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It seems clear to me that if that which is aware of sadness, anger, anxiety that which is no longer sad, angry, or anxious. But shouldn't this work the other way as well? Wouldn't this mean that that which is aware of happiness or joy is not happy or joyful? It feels like by this logic mindfulness, when applied to positive states, nullifies them or diminishes them and that one wouldn't want to do this. If mindfulness diminishes the power negative emotions wouldn't it diminish the power of positive ones as well? I'm not sure how this is desirable. What exactly am I missing?

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  • The comment associated with the comment helps to clarify what the author was trying to say, i.e. -- Changed "if one is aware" to "that which is aware" to emphasize the idea that it isn't the content of consciousness, the sadness or fear which disappears, but the awareness itself which is undisturbed by the content.
    – ChrisW
    Sep 17 at 20:27

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You are correct in one part and making a faulty assumption in another.

You are correct that observing mental/emotional states with a kind of scientific detachment puts the subjective point of view in a position where pain gets less painful and exaltation gets less exalted. Buddha mentions this method in the suttas.

At the same time you make a faulty assumption that your idea of happiness is an obviously desirable state. This is perfectly expected as most people have never really thought about and don't have a clear definition of what it means to be happy.

Buddhism differentiates between a worldly kind of happy states - joy, comfort, pride etc. coming from achieving success, wealth, fame, etc. on one hand - and "spiritual" happy states (jhanas and their more casual precursors) on the other.

Now, what are these "spiritual" happy states? In Buddhist definition they are all approximations of Nirvana. "Approximations" in the sense that they are of the same essence as Nirvana, just not as complete and refined.

I don't want to get too philosophical with the subject of Nirvana here. Let's just say for the purposes of this discussion Nirvana is like an infinitely refined and perfect Peace. The technical term for this groundless boundless super-peace is "suchness" (tathata). Which clarifies the "spiritual" happy states as various approximations of the super-peace.

Now we have all the concepts we need to answer your question. If you contemplate your mental states with detachment, resulting in the worldly states fading out and ceasing to be, whether they are unhappy states or happy states, the remaining residual will be some kind of partially-peaceful state gradually approaching the super-peace of Nirvana.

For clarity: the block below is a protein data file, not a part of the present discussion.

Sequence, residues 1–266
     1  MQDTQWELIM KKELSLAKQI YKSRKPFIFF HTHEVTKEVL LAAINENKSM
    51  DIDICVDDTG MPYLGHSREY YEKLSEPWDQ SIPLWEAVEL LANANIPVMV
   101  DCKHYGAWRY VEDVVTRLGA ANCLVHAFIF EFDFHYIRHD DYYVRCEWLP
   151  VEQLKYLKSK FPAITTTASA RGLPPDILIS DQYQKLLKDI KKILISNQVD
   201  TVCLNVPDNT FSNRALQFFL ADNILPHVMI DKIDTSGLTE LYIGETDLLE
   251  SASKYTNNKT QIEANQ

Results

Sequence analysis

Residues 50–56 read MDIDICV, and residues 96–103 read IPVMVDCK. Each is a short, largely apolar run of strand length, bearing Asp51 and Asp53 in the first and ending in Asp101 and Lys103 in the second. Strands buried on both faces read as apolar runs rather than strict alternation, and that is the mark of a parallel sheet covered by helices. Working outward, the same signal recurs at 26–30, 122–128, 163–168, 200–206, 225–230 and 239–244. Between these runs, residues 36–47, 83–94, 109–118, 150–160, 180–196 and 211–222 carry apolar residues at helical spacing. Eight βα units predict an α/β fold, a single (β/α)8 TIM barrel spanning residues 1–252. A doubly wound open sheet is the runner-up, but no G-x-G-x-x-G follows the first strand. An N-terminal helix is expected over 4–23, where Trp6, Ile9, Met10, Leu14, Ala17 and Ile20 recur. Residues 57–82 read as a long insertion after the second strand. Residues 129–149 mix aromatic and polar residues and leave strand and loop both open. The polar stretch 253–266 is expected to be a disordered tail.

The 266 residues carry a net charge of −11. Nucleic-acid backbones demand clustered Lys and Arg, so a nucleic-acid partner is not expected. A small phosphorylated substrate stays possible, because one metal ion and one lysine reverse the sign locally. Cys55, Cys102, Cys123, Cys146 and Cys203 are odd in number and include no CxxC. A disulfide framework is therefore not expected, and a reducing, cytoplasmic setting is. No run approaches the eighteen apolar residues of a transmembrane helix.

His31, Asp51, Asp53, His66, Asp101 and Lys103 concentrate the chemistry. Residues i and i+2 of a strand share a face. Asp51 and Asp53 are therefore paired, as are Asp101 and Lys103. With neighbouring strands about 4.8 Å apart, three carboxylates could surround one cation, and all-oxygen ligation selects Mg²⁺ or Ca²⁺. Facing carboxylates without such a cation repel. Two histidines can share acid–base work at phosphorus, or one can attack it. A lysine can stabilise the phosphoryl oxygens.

To a worldly-oriented person this probably sounds scary or sad: "oh my god, I'm giving up happy states". But for a practitioner of dharma this is perfectly rational and logical: by definition all states except Nirvana have an element of "this thing over here is not perfect, i wish it were different" in them, and certainly worldly happy states are full of such bitter elements, especially after the first wave of exaltation is over. So why wouldn't I want to contemplate my worldly happiness (and even an intermediate "spiritual" happy state!) with a detached mind, knowing that the resulting state will be more satisfactory due to having fewer inner contradictions in it!

To put it simply, why would I cherish a turbulent, fleeting, partially imperfect instance of worldly happiness that won't last anyway -- if, exactly by giving that up, I can open myself to the perfect non-fleeting super-peace.

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To answer your heading question: "that which is aware ..." Here, (1) 'that' which is aware is awareness, awareness of mental states. (2) 'What' it is aware of are mental states (for example, fear). Awareness of fear is neither the same as, awareness in general, nor the mental state of fear.

Awareness is not what negates or nullifies the anger or anxiety or any other negative mental state. It is required of course. But some thing other than mere awareness is required to nullify a negativity- That is the analytic side. That is only possible when awareness is established. (In the analytical reaosning, seeing phenomenon as empty of self does this diminishing and in the analytical meditation (vipassana) the establishing of equanimity over vedana does this).

When negative mental states are thus analysed in meditation, then by the very nature of them they get nullified. But the nature of positive mental states isnt the same. (Hence also why they are categorised as positive or negative). The removal of negative defilements also increases the positive states.

Being aware of this does not diminish happiness or joy because one, awareness does not diminish them, and two, it is not in the nature of happiness or joy to be either diminished by the mere awareness. Then the analytic meditation also does not diminish them. It in fact enhances them even further.

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